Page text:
‘It was dangerous out there’: Stuart Broad jumps in defense of referees who come under fire when poor lighting stops play on the frustrating second day of the second test
- Stuart Broad has jumped to the umpire’s defense after a controversial appeal
- The second day of the second test was halted due to poor lighting in Southampton
- The English bowler said it would be dangerous to continue playing
- Pakistan finished Day 2 at 223-9, while England still had to hit in the Ageas Bowl
Stuart broad jumped to the under-fire referees’ defense on Friday night after poor light controversially reduced the game to just 40.2 overs on a frustrating second day of the second Test.
Although there was little rain in Southampton after the delayed start, English officials Richard Kettleborough and Michael Gough decided that the light was not good enough after tea, despite spotlights shining brightly on the Ageas Bowl.
Mohammad Rizwan dominated what was there, hitting an unbeaten 60 as Pakistan advanced to 223 for nine and 39 for the ninth wicket with Mohammad Abbas.
Stuart Broad (left) has defended the controversial demand to stop play in the second Test
Richard Kettleborough and Michael Gough called bad light in Southampton on Friday
“It’s a tricky one because player safety is very important,” said Broad, who took the key wicket from Babar Azam and continued his three-for-56 purple patch on the premature close.
When bowlers are operating at over 85 mph and it’s bleak there, it can be dangerous. The officials were right to take us away because it had fallen under the darkness we came into earlier in the day, ‘Broad told the BBC.
“All our players came out and said,” I wouldn’t want to hit this, “because it was pretty dark.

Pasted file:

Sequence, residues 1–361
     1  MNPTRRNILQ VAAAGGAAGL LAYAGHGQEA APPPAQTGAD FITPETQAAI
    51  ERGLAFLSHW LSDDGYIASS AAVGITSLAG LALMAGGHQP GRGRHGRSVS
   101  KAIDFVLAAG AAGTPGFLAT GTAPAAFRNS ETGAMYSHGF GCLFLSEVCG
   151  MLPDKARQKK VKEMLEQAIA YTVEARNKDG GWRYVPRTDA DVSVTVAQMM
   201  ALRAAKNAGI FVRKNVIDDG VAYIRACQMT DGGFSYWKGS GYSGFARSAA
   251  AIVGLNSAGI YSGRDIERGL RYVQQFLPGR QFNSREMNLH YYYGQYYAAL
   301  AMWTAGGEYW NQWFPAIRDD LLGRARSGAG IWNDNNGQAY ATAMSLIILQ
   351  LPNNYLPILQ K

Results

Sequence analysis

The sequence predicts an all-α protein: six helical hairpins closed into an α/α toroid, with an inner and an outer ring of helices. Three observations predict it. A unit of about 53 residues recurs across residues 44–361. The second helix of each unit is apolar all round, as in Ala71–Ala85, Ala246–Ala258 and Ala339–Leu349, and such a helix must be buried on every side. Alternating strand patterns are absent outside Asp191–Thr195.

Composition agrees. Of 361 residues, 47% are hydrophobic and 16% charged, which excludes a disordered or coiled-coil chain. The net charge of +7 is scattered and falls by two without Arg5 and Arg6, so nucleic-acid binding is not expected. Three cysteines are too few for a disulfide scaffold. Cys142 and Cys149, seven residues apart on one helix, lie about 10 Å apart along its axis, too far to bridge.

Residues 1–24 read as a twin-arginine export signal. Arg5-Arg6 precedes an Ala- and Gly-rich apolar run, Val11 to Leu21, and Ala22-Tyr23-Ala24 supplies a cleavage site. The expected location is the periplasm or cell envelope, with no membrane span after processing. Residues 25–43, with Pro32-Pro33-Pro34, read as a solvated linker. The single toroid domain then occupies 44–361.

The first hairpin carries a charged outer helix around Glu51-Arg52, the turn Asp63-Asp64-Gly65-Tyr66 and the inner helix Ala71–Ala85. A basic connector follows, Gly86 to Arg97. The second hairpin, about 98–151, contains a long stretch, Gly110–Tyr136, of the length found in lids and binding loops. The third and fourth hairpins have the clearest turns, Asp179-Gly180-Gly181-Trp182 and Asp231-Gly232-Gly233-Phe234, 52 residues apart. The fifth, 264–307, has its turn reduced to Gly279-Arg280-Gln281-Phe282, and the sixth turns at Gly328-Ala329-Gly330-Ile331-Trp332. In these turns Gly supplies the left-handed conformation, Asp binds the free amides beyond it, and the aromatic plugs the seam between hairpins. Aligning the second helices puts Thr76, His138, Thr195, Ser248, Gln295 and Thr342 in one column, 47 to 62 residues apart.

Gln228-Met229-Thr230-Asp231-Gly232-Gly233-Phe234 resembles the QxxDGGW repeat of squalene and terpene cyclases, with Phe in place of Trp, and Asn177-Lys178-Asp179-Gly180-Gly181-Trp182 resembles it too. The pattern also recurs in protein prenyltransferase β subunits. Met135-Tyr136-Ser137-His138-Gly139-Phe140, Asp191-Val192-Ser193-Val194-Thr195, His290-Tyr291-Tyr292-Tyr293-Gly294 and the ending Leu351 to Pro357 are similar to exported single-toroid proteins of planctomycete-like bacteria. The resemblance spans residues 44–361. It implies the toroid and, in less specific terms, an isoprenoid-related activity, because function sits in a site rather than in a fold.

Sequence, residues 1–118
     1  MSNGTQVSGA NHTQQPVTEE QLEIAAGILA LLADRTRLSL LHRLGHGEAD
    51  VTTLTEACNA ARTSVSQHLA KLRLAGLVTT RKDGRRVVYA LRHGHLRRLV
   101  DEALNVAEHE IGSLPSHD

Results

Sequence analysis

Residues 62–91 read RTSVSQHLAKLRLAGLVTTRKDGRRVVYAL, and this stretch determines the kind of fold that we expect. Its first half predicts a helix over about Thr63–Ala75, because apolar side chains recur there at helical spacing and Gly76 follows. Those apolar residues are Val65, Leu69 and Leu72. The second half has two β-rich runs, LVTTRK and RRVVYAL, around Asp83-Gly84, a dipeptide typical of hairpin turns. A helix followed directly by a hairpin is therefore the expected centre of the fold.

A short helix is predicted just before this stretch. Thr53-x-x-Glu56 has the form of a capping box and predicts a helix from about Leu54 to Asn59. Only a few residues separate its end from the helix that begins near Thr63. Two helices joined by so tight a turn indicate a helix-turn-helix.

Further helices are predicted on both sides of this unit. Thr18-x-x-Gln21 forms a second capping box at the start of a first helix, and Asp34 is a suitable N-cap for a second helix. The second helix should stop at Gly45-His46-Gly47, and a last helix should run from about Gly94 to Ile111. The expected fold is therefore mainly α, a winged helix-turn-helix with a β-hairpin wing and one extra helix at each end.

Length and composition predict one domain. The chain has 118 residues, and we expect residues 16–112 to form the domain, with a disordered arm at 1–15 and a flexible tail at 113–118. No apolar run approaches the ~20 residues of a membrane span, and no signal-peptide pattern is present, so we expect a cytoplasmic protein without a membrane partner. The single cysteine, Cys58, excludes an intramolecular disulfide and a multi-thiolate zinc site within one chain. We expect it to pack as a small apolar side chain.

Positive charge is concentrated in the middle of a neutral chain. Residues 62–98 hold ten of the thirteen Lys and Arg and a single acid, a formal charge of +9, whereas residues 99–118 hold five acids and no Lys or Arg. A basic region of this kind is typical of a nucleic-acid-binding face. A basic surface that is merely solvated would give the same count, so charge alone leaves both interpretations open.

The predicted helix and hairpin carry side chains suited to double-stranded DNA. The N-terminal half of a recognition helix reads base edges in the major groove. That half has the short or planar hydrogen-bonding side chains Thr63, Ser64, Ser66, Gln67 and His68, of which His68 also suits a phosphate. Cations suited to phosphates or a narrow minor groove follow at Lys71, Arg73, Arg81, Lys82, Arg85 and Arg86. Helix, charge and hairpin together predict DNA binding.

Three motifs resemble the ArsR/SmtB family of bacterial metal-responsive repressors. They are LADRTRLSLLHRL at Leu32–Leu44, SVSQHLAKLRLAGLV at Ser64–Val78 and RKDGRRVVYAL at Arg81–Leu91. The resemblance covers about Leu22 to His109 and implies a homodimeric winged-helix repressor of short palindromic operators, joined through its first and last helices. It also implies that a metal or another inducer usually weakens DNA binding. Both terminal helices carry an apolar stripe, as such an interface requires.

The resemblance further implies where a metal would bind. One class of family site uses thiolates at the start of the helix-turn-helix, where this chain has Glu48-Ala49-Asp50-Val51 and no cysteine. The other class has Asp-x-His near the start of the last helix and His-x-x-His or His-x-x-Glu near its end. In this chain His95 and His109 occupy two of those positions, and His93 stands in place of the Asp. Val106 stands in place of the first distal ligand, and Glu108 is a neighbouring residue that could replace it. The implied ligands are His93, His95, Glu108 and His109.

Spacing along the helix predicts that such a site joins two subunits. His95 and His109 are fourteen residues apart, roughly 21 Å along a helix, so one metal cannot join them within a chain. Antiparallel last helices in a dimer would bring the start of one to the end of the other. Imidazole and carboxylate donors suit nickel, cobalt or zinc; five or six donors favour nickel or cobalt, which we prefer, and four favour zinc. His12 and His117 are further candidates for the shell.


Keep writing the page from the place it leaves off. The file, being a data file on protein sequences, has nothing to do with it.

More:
‘There are times when we got loose and there was a crowd in and we thought we could still be there, but today was on that dark side of being fit.’
The decision was disputed, with the Ageas Bowl spotlighted for the players
Broad has continued his purple spot in the second Test, with scores of three for 56 runs
Broad’s strike partner Jimmy Anderson, who took his record to 593 casualties with Yasir Shah’s wicket, agreed, saying, ‘The light has been bleak all day and we did well to get the game we got . It felt like the lights were quite prominent. ‘
But Anderson believes the referees could be more wary of taking light measurements that set the template for the entire test. “Maybe there should be a little more leeway with the light,” he said. “But we can only rely on the referees’ readings.”
Anderson, who admitted to getting emotional and frustrated after a bad performance in the first test, was much more like himself in Southampton so far, saying: ‘I felt a lot better both mentally and on the ball.
‘I had good conversations with a number of players and also worked on my technique. I came in with more confidence and the wickets are helping. It’s nice when you do it right. I was just trying to put a little smile on my face. England is confident that with three days to go they still have time to force a result and believe the field will be the best to hit today.
“We’re a little frustrated that we didn’t get the chance to finish them,” Anderson added. “But we are quite happy with what we stand.”